Jurors in the high-stakes, closely watched legal clash between Minnesota corn growers and Syngenta Corp. are hearing conflicting testimony about who cost the farmers an alleged $400-plus million in lost sales — the company’s commercialization of genetically modified seed without Chinese approval or Mother Nature and market forces.
Minnetonka-based Syngenta Seeds Inc. “took a risk on the backs of American farmers” when it began marketing its Agrisure Viptera corn seed before getting China’s OK, attorney Rick Paul, representing farmers in the civil case, told jurors in his opening statement.
Some 22,000 farmers in the class did not plant Viptera seed but were “innocent bystanders in an international trade dispute,” that began when China refused most U.S. corn shipments for three years because of the crop’s commingling with Viptera-grown grain, Paul said.
Minnesota farmers will have lost $402.8 million because of “corn price suppression” from 2013 through 2018 delivery, Paul said, because Syngenta’s launch of Viptera was “too soon, too broad, too much.” Chinese officials also turned away corn grown from Syngenta’s Agrisure Duracade seed, launched for 2014 planting. Both Viptera and Durade eventually received import approvals in China.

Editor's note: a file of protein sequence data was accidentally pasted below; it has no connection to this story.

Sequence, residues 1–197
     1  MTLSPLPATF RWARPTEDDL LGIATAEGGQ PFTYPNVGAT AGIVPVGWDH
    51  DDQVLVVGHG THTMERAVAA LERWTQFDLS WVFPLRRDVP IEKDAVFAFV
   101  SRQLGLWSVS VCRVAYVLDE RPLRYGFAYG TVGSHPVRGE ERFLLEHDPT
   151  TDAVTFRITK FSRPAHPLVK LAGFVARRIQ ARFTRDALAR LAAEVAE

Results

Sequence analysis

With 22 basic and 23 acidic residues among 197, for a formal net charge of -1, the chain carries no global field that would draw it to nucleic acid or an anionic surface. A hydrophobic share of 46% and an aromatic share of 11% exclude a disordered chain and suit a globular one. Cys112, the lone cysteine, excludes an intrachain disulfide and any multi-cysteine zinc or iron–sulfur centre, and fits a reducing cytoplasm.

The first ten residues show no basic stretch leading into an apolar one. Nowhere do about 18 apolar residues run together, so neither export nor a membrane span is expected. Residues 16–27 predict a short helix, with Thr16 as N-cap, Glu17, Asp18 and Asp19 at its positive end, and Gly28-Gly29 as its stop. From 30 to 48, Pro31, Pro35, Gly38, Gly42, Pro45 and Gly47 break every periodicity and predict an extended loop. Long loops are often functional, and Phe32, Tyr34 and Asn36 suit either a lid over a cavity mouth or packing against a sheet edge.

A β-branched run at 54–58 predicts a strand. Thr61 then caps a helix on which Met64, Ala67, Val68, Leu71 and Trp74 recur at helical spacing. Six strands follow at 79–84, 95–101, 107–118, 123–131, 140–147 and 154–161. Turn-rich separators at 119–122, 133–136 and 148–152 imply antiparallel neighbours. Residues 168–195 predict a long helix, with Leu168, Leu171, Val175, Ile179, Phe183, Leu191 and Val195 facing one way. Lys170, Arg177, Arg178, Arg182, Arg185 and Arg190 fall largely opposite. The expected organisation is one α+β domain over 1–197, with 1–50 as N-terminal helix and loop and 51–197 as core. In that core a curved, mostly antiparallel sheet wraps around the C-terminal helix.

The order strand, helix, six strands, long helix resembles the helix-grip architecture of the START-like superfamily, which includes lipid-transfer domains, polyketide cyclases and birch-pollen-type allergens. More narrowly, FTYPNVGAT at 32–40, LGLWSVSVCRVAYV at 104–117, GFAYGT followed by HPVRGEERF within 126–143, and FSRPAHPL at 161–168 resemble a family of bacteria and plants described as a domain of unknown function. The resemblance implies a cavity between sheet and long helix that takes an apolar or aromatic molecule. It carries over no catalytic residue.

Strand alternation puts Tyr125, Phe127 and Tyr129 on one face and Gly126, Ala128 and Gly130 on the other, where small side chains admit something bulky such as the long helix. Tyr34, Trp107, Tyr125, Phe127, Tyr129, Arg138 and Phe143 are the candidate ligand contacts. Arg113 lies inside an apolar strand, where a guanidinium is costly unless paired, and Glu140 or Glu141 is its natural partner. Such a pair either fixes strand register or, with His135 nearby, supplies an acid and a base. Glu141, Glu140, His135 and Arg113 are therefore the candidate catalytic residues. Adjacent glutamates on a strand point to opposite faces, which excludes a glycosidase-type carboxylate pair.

Attorney Mike Brock, representing Syngenta, countered in his opening statement that rainfall that spurred a 2013 bumper crop in the Corn Belt caused a drop in corn prices before China began rejecting U.S. corn. After rains in June and July in that year “the bottom dropped out of the price of corn,” Brock said.
“It’s a small market and the market adjusts,” Brock said of U.S. feed corn exports, which account for about 15 percent of the annual yield, with 85 percent going to feed, ethanol production and other domestic uses. “Minnesota farmers were not harmed.”
Testimony in the state class action case against the Swiss-headquartered agribusiness giant began Wednesday, September 13, before Hennepin County District Court Judge Laurie Miller after two days of jury selection. It is one of two actions in Minnesota, the other a state consolidated complex litigation proceeding, with both bringing similar claims under master complaints.
Syngenta maintains that it had full approval to bring Viptera to market from the U.S. Department of Agriculture, Environmental Protection Agency and Food and Drug administration and in key import markets, except China, recommended by the National Corn Growers Association and other groups. Viptera seed, which incorporates a genetic trait known as MIR162, was a key innovation that helped farmers realize yield potential without the use of a chemical pesticide to combat a variety of insects damaging to corn, Brock said.
Brock asked jurors to focus on whether Syngenta’s 2010 launch of Viptera was reasonable under the circumstances that existed in the fall of 2010.